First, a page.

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NICE recommends drug to slow sinus rhythm in heart failure

NICE has recommended that a drug to slow heart rate should be made available on the NHS to treat patients with chronic heart failure.

The draft appraisal recommends ivabradine is used in combination with ß-blockers in patients with chronic heart disease whose heart rate is over 75 beats per minute, or if ß-blocker therapy is contraindicated or not tolerated.

Ivabradine was previously only recommended for use in patients suffering from angina, but a study in 2010 showed the drug reduced the number of cardiovascular-related deaths or admissions by 18% in patients with heart failure.

Dr Terry McCormack, a GP in Whitby, said: ‘I am not surprised that NICE is recommending ivabradine in chronic heart failure, because evaluations have shown that it reduces the number of hospitalisations. It is a very safe drug that is effective both in angina and heart failure.

‘There are a substantial number of people who cannot tolerate ß-blockers – for example, people with asthma or those who experience fatigue. But there are also patients who even with the use of ß-blockers have a fast heart rate. For these people, both drugs may be necessary.'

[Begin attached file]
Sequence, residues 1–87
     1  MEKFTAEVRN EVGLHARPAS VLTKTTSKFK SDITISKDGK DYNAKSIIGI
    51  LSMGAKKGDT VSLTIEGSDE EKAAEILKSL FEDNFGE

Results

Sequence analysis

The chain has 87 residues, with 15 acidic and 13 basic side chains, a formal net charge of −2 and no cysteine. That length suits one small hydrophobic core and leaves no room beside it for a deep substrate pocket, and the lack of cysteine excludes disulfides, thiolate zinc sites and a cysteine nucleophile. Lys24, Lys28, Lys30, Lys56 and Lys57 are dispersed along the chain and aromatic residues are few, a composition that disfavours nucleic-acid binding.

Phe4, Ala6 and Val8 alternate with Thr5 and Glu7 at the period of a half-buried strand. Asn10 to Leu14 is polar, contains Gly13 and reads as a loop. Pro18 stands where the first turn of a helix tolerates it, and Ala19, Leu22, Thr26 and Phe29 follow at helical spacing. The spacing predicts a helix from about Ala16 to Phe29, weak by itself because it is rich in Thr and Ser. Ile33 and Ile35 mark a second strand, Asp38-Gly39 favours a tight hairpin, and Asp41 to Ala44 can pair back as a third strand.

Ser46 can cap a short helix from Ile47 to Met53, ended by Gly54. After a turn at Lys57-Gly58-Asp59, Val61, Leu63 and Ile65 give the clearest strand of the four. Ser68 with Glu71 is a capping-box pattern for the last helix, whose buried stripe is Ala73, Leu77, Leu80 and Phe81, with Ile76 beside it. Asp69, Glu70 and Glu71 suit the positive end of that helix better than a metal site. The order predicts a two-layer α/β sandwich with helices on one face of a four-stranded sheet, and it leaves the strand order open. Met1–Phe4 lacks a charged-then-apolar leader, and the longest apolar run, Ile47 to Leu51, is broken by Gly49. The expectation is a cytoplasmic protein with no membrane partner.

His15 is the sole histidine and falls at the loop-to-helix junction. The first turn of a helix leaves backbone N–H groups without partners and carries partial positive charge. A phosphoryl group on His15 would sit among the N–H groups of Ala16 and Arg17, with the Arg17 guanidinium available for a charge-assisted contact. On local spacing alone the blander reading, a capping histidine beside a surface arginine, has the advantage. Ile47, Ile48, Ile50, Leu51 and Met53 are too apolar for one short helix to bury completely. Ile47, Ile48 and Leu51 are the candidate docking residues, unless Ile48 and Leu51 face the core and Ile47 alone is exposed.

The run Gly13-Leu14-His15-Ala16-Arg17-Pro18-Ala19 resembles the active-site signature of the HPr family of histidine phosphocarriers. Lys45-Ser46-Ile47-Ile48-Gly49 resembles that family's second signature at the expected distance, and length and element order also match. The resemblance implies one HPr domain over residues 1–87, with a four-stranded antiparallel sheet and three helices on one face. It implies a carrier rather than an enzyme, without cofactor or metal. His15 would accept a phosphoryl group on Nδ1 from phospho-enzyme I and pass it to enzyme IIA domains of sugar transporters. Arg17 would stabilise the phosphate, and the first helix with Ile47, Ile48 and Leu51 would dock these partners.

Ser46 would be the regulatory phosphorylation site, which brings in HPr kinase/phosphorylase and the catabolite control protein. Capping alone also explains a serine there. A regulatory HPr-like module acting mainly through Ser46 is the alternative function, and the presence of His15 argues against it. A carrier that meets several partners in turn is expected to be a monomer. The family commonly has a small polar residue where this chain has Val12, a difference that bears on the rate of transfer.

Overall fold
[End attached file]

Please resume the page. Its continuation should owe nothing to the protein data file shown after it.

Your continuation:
Professor Carole Longson, health technology evaluation centre director at NICE, said: ‘Although the prognosis for people with heart failure has been improving over recent years, largely as a result of better treatments, heart failure can have a significant detrimental impact on quality of life, particularly in terms of affecting a person's ability to perform everyday tasks.'

 

Wed 26 Sept, central London
*Don't miss Dr Ahmet Fuat's practical update on what's new in heart failure diagnosis and management
*Hear Dr Terry McCormack's tips on realistic strategies to implement NICE hypertension guidance

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